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Petroleum, hydropower and coal are the major sources of commercial energy in the country. The biomass energy resource, which comprises fuel-wood and charcoal from both natural forest and plantations, accounts for 93 per cent of total energy consumption in the country.

The electricity subsector is largely dominated by a state owned enterprise, Tanzania Electric Supply Company Limited (TANESCO) which has a vertically integrated monopoly in the generation and supply of electricity in Tanzania. Power generation is largely hydro-based with three main stations: Mtera, Kidatu, and Kihansi linked together through the national grid.

Table 17: Potential Hydropower Sites

Potential Projects

Capacity GWh

Ruhudji (Middle Step)


Rumakali (Scheme B)


Stiegler’s George I*


Stiegler’s George II*


Stiegler’s George III*


* To be review under the East Africa Master Plan Study

With a current growth rate between 7 – 9 p.a, energy demand is expected to reach 4000 GWh with a peak demand of 700 MW by the year 2003. It is expected that the mining sector will contribute significantly to this demand growth. Electricity energy consumption represents about 1.2 percent of total energy consumption in which commercial and industrial users account for 33.3 percent of total electricity consumption.

By 1999 installed generating capacity on the connected transmission grid amounted to 637 MW including 60 MW from Kihansi hydropower station. Unconnected generating capacity amounted to 28.7 MW. Of the total installed capacity, 435 MW is supplied by hydro and the rest by thermal system.

Private Sector Participation

In order to increase power generation through attracting investment in the energy sector, the Government in 1992, changed its policy stand to allow private participation in generation. Following the policy change two independent power producers (IPPs) have been licensed, namely, Independent Power Tanzania Limited (IPTL) and Songas Limited. The Songo Songo project will utilise natural gas from Kilwa District, Lindi Region to generate 112 MW. The estimated completion date for the project is 2004.

Regulatory Mechanism

The electricity sub-sector is administered under the Electricity Ordinance Cap. 131 of 1957 and will be regulated by the Energy and Water Regulatory Authority (EWURA) whose bill of establishment was passed by the Parliament on April, 2001

Interconnection with Neighbouring Countries

The East African Power Master Plan is being developed under the auspices of the Secretariat of the East African Community. A study of the East African Power systems have been proposed by the three partner states.

A study on the Tanzania – Zambia interconnection recommended construction of a 670km of 330kV transmission line from Pensulo in Zambia to Mbeya in Tanzania and 330/220kV step down facilities.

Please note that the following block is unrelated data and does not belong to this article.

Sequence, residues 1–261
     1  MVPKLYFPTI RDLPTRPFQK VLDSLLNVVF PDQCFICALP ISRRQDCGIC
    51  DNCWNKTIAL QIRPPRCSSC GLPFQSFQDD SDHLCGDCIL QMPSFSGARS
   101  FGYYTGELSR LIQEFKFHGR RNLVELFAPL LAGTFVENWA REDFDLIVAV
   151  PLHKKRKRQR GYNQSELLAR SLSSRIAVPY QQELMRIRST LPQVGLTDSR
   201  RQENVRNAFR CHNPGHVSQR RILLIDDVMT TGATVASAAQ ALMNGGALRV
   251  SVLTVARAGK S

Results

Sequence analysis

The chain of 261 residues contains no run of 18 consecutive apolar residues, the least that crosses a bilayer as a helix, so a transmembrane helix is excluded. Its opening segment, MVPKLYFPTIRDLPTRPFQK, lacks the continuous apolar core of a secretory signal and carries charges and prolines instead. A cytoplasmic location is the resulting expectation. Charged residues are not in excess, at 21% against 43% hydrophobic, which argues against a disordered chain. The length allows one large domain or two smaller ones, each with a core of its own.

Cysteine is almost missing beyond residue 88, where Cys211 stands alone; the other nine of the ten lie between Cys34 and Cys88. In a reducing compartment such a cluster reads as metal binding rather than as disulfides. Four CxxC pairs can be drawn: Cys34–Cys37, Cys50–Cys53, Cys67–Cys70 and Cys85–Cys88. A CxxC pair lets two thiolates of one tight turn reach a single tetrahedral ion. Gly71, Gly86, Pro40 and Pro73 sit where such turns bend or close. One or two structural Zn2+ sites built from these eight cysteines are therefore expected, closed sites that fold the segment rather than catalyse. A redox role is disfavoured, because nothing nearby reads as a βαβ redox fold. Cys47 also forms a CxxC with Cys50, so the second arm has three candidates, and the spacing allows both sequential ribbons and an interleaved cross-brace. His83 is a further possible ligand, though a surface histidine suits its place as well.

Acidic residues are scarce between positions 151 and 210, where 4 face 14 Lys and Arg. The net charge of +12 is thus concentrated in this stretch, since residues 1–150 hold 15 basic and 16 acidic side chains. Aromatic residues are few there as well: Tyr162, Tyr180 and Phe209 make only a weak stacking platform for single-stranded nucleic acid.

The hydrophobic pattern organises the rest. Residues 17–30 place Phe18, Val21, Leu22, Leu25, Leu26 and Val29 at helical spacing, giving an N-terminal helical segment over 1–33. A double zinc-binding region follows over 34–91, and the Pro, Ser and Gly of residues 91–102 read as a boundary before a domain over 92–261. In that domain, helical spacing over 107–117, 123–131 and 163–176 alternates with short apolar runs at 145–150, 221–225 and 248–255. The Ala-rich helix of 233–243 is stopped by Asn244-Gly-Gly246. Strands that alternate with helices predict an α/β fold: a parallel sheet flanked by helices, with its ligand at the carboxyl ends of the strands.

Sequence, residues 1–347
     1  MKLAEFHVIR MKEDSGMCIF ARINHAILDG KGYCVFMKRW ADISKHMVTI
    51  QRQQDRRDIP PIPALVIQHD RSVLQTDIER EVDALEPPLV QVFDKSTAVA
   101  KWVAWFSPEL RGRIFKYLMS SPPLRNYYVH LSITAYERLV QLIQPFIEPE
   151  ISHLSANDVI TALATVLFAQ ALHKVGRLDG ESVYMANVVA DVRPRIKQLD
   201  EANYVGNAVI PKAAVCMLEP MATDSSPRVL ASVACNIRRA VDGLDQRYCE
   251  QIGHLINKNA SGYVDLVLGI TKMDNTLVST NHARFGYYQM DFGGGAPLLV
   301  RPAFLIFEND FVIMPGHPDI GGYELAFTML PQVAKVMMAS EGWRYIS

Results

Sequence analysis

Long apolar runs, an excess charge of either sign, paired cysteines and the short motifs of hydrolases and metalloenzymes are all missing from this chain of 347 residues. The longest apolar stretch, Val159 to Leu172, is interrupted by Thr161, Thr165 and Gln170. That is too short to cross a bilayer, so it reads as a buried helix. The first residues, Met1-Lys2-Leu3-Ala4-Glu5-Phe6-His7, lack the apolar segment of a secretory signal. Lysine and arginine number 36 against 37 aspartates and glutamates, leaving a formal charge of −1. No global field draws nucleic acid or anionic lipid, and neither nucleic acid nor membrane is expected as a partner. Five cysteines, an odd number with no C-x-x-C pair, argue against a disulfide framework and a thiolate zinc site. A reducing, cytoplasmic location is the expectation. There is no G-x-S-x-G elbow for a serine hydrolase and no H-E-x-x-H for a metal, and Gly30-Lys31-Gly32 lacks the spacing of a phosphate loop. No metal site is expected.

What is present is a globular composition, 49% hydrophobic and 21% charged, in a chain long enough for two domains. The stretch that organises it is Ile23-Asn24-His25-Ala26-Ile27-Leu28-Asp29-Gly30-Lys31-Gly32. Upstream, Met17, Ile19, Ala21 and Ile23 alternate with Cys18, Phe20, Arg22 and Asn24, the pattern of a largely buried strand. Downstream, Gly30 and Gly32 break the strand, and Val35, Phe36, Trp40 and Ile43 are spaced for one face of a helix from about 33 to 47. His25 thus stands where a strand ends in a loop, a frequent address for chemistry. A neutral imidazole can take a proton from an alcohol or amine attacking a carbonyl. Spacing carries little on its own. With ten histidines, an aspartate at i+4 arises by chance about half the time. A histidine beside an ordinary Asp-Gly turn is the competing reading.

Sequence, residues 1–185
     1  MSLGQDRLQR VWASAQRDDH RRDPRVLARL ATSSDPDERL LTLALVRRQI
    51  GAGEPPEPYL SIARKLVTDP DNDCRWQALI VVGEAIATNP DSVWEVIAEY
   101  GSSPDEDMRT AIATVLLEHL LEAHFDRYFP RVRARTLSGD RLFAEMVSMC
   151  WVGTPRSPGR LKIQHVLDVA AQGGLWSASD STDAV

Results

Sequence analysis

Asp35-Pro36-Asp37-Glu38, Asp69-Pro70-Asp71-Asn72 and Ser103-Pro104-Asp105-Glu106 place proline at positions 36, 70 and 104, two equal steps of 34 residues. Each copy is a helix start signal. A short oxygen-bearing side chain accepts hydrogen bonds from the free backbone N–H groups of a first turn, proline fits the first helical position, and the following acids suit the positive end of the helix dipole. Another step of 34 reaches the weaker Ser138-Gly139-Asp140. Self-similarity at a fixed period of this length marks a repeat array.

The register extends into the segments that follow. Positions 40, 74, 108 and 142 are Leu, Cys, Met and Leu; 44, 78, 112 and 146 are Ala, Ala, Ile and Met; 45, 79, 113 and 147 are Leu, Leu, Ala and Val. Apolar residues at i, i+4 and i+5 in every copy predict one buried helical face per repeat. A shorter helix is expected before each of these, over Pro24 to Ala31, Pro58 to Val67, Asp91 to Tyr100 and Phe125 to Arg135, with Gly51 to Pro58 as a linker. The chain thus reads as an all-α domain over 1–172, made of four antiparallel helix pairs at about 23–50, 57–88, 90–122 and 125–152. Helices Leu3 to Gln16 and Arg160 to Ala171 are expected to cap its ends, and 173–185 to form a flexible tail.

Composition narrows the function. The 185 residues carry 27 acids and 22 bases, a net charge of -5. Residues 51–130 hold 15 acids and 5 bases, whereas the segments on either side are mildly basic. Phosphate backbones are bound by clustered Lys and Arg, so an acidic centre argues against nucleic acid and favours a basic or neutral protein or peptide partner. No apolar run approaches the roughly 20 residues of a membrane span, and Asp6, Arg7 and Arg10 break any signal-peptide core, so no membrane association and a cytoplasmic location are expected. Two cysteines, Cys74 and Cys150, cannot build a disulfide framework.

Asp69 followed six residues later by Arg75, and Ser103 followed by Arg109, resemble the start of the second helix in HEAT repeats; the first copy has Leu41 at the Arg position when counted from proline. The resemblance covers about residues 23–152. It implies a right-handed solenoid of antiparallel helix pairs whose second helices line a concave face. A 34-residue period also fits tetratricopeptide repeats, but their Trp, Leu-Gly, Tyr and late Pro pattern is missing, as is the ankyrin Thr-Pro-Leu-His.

• Restructuring of Tanesco is expected to involve unbundling the company into generation, transmission and distribution entities before inviting private investors to participate, depending on the divestiture strategy adopted by the Government.
  • The private sector is invited to particitipate in developing power generating projects. The only private investors to take the opportunity so far are Independent Power Tanzania Limited (IPTL) and Songas Limited.
  • Tanzania has abundant untapped energy resources, some of which could be exploited for electricity generation. Coal reserves are estimated at about 1200mn tons of which 304mn tones are proven. Natural gas is estimated at 44.02bn cubic meters of proven reserves. Hydroelectric energy has a potential of installed capacity of 4.7 GW of which only about 10% is developed.
  • Solar, wind and geothermal sources, remain virtually untapped. Very little attempt has been made to utilize this source of energy, which could be a viable alternative source to reduce the use of wood and oil for heating purposes. These energy sources require low investment capital compared to hydroelectricity generation.
  • Tanzania has a per capital electricity consumption of 46/KWh per annum, which is growing at the rate of 11 - 13 per cent. Hence the government is encouraging investment to expand generating capacity, distribution system and developing indigenous sources of energy.
  • There are other indigenous alternative sources of energy such as coal. Tanzania has 1200m tons, which could provide energy for paper mills, cement factories, agriculture and household consumption, and generation of power.

Rural Energy Agency

The Government is in the process of establishing a Rural Energy Agency with the responsibilities of facilitating increased availability of energy services in rural areas, supporting R&D in rural areas, creating an institutional and legal framework to promote the application of renewable energy and to promote entrepreneurship and private involvement in the marketing of renewable energy in the rural sector.

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